By Stefano Caggiano

“My one-year-old daughter thinks a magazine is an iPad that doesn’t work.” So says a father who filmed his daughter as she was trying, without success, to scroll through images on the page of a magazine as if it were a touchscreen.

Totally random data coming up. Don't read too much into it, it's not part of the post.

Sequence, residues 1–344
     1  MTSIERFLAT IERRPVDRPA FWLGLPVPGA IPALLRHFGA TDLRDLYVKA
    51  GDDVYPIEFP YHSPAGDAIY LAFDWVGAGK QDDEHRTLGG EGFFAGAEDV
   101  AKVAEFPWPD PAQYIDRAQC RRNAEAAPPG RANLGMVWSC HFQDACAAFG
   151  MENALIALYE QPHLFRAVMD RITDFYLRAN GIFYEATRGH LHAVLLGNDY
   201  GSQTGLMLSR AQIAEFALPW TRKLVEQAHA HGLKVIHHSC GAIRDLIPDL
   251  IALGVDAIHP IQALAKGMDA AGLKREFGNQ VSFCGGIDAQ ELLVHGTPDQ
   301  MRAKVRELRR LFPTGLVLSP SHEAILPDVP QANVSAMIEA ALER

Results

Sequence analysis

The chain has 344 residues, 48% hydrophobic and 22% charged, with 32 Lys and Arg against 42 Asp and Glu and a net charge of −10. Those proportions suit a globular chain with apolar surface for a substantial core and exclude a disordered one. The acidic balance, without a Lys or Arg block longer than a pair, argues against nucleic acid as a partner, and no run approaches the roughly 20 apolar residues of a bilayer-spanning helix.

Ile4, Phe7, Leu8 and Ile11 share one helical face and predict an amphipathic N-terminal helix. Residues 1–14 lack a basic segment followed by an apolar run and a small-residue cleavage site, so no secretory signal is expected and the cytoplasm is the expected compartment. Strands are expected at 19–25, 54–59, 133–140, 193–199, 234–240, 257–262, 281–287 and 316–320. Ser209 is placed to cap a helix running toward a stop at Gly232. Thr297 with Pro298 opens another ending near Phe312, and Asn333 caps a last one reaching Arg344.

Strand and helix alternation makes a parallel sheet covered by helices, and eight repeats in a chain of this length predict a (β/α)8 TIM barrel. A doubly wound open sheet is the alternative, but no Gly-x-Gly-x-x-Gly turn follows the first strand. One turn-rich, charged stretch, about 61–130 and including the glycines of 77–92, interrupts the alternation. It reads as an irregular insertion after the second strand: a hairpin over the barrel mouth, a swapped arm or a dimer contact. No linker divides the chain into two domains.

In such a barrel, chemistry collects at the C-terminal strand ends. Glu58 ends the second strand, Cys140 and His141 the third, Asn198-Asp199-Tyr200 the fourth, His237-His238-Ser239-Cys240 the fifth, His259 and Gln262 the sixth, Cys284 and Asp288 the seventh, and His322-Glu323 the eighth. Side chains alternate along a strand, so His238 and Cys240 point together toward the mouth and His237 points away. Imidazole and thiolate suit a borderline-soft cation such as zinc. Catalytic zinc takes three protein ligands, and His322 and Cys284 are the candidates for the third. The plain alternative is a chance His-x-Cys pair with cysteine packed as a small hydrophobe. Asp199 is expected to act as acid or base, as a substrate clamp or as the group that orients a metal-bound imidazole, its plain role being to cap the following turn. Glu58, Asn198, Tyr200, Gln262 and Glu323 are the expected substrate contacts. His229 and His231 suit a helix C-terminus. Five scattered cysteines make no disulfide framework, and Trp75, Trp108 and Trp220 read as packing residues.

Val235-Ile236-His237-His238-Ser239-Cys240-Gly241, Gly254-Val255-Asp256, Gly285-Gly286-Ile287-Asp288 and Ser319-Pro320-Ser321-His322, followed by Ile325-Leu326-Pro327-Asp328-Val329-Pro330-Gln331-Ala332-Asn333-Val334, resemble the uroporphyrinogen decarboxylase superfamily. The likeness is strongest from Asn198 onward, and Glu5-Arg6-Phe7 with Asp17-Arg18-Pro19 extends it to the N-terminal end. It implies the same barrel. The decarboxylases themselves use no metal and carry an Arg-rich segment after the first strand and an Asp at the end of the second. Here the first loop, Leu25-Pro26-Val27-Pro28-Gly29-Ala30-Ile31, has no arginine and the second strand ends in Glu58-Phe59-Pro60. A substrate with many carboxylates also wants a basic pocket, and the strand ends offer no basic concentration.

The video, seen on Youtube, was an immediate hit among experts on advanced interfaces, because it clearly shows how new media are rewiring the cognitive structures of digital natives, along with the rest of us. The habit of interacting with images is become the new visual standard, and the figurative efforts of traditional media are increasingly perceived as something inert and ‘obtuse.’ The little girl’s disappointment is eloquent. In her world, which is already ours, we expect images to be sensitive to the touch, and if they do not react it means they are ‘broken.’ This new visual conception leads to an aesthetic made of ‘graphic’ blocks placed on the same plane as material reality, characterized by a paratactic relationship between materic components and elements of pastel color defined with vectorial clarity, placed inside compositional peer relationships. An emblematic case is that of the new Pedrali products, like the Laja seat designed by Alessandro Busana. In the Beaver ceramic candle holder by Odoardo Fioravanti for Something Good and the Sucabaruca coffee set in wood and ceramic by Luca Nichetto for Mjölk, which combines the Scandinavian ritual of filtered coffee with the Italian cult of the ‘moca’ coffeepot, we can glimpse the same sense of ‘solid graphics.’ Graphic features are combined, on the other hand, with the gentle materic nature of wood in the Slope lamps in solid wood and metal by Skrivo for Miniforms, and the Tandem furnishings in oak and painted wood by the French studio Numéro 111 for Galerie Gosserez, as well as the Imboh accessorized upholstered furnishings in ecosustainable materials created by JoeVelluto for Designbottega. The language of the graphic solid extends beyond the furnishings sector. Living at the crossroads of the two-dimensional and the three-dimensional, by nature it tends to spread across visual culture, all the way to fashion and visual communication. An interesting example from the first field is that of the capsule collection 2Y by the pattern and fashion designer Yulia Yadryshnikova, made by starting with the cover for the Stanley sofa by Luca Nichetto for De La Espada. While in the field of the visual arts the photographer Tingting Wang shows the accessories of the brand Qi Hu inside a set in which graphic blocks are superimposed on the features of a model. Even packaging makes use of the tangible graphic aesthetic, with results of great refinement like the Mme KIKI chocolate package by the Japanese designer Yuma Harada, art director of UMA design firm. In general, two major cultural magnets feed energy to contemporary design: the digital disappearance of things, on the one hand, and a return to experiential solidity on the other. Since these are two macro-trends, the formal results of these attractors are numerous and diversified. The case of real graphics is a particular one, however, because it intercepts a point of convergence between these opposing tensions, grasping both the sense of impalpability of digital perceptive performance and the return to sensorial tangibility of things. It is precisely in this amalgam that the language finds its semantic force and its great aesthetic versatility, as well as its popularity. What makes a design language ‘convincing’ is not just its formal resolution (which is nevertheless necessary, and present in this case as well) but also the pertinence with which it manages to become the expression of a living, deep and timely cultural sensibility, nourished by the tension between present and future – between what we are and what we are becoming.